when it's actually a choice

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Things I said no to doing all in one week:

  1. A fabulous role in a staged reading that I've done before and would really like to do again--with people I so enjoy
  2. Meeting my mom for lunch to celebrate my daughter's birthday while we were in her town for a hockey game
  3. Five separate meetings
  4. Finding somewhere my daughter could stay on President's Day so I could do more work
  5. Rescheduling a precious creative meeting that was already on my calendar so that I wouldn't have to leave halfway through the school Science Share where my daughter had a table

I would have liked to have said yes to every single thing on this list--with the exception of one of the meetings. I didn't want to go to that.

But saying yes to any of them would have been compromising something else that I was prioritizing.

Okay.

What you've read so far, that was the draft of the original blog post I wrote a few weeks ago.

And then my kid got the flu. The day after President's Day.

I had six major government grant applications due on February 28 and March 1. And my kid got the flu on February 20. She had the flu for 9 days. You can do that math.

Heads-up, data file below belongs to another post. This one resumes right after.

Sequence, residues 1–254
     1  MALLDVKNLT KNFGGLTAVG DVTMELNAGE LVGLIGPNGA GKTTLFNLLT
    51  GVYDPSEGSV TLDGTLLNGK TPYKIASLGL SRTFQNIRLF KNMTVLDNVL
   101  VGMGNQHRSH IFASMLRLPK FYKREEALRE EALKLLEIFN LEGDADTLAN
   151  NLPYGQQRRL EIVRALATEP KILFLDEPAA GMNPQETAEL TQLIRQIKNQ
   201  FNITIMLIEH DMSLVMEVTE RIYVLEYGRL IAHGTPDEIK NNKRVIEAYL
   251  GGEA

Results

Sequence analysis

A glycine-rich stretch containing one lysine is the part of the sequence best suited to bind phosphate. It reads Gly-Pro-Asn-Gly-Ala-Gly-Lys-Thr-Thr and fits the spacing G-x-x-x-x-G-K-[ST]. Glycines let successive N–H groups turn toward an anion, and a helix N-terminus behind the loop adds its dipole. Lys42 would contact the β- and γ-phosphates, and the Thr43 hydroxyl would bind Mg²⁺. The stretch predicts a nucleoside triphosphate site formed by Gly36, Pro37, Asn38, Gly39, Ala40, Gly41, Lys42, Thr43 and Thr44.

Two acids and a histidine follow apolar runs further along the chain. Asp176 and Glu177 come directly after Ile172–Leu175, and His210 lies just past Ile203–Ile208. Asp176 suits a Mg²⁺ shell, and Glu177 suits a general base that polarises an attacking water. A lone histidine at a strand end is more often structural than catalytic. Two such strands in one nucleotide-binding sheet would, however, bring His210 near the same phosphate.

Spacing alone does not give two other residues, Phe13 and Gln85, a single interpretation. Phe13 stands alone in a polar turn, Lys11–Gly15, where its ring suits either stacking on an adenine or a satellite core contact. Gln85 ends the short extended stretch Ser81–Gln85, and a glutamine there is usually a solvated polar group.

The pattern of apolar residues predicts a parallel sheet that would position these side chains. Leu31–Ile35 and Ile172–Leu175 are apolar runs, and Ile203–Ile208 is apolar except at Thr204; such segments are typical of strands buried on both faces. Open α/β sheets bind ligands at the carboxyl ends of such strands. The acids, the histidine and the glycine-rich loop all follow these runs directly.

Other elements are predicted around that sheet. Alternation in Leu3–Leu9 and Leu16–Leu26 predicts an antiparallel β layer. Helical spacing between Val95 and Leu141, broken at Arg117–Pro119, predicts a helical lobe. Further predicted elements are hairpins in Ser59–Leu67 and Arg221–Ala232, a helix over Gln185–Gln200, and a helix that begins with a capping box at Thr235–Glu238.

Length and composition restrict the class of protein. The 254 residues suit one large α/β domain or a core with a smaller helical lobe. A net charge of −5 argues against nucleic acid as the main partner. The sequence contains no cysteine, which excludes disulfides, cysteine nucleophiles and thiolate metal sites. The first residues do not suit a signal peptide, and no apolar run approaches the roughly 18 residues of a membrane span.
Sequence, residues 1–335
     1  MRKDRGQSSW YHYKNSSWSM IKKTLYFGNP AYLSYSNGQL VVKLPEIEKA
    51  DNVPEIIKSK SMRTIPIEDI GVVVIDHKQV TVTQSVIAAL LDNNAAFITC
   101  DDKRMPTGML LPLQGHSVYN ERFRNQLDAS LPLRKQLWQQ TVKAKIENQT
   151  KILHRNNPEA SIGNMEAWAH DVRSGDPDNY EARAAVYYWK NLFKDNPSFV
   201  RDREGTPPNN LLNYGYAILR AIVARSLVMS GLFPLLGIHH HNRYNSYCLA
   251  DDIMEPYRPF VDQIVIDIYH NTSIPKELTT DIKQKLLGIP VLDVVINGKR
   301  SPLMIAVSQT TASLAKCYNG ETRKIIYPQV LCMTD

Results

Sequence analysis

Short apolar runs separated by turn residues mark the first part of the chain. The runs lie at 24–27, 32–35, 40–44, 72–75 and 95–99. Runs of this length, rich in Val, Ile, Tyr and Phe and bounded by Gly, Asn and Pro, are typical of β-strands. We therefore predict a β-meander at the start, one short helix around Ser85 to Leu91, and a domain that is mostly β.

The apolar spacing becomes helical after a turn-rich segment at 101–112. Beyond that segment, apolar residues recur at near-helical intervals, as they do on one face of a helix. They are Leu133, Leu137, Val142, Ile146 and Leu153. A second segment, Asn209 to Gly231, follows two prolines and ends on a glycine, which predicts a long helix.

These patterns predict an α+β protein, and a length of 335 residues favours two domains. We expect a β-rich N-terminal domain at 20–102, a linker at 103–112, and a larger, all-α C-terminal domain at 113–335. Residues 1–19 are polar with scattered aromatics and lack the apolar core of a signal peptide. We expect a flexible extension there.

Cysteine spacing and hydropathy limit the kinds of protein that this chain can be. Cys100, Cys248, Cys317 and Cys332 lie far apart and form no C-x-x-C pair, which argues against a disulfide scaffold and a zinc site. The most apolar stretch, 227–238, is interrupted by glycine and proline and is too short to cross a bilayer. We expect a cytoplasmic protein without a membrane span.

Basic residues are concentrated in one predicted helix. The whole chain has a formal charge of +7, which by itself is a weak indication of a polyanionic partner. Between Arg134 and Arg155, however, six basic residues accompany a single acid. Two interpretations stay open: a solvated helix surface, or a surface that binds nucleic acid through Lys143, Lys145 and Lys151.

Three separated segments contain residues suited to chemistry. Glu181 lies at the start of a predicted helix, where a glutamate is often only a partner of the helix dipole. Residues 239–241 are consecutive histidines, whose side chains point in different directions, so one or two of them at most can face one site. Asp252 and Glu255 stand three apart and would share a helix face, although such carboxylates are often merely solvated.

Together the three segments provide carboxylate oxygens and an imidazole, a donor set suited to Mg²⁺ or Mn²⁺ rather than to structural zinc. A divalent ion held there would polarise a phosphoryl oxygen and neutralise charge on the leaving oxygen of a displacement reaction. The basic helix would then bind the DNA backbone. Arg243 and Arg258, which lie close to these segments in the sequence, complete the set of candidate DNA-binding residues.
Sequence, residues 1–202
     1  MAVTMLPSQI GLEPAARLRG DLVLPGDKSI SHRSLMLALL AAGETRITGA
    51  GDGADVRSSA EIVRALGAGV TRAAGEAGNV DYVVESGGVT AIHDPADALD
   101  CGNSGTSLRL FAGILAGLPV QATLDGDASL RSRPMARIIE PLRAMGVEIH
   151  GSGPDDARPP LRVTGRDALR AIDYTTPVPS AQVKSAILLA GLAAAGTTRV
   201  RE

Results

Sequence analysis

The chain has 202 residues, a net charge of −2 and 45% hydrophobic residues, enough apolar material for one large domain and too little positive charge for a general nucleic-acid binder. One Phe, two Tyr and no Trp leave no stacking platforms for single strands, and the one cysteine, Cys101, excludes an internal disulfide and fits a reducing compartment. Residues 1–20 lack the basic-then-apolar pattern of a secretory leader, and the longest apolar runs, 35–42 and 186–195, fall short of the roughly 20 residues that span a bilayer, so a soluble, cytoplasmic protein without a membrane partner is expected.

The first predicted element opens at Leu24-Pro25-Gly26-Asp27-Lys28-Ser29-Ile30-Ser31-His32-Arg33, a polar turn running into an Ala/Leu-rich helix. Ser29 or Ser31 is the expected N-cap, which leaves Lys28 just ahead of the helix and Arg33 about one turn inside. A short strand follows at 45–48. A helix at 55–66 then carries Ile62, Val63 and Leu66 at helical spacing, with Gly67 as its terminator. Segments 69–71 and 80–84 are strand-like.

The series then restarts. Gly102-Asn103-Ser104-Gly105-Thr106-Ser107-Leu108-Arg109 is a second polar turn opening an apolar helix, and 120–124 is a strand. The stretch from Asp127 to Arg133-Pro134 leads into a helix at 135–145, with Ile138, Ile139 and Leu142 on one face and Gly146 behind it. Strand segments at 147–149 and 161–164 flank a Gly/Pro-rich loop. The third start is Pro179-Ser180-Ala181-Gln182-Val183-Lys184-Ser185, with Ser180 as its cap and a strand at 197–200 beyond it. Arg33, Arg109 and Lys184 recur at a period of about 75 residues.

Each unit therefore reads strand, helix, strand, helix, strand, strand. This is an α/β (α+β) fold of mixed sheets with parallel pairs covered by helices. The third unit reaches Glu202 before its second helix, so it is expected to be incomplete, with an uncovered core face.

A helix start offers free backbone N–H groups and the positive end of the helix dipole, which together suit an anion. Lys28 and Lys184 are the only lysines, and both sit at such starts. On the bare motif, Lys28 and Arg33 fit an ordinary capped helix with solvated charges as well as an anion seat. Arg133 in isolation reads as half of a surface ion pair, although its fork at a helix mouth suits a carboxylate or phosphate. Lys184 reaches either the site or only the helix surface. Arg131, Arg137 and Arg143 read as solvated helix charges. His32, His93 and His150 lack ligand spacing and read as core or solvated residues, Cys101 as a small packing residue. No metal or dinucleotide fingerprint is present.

During those 9 days, I said no to a gazillion things to clear space for caretaking and leave space for grantwriting.

Here's what I learned:

It's way easier to say no to things when your kid has the flu, and you know you have a hard deadline for six grant applications. You say flu, and (most) people get it. You say huge deadlines, and most people get it.

In fact, when you have a sick kid or a sick parent or an obviously huge deadline, when people DON'T get it, well, you wouldn't do anything different anyway. You decided in favor of those things a long time ago. You SO wouldn't do anything different that it doesn't even feel like it's a choice.

It can be scarier to say no--and I'm talking especially about daily choices, regular choices, small-in-the-grand-scheme-of-it choices here--it can be scarier to say no when it feels like a real choice. A choice that other people might disagree with. A choice that might cause other people to decide certain things about you. A choice that might close some doors or hurt some feelings.

It can also feel, after you've done it, like understanding yourself just a little bit more.

. . .

Speaking of choices, I'm really looking forward to sharing the results of my choice to try that early-ass waking up experiment. I learned so much from it that one post would be too long, so I'm going to break it up into 5 shorty-short daily posts. You'll see those the week of March 12.

You are not alone, choice-maker. I sure do love you.

Cheryl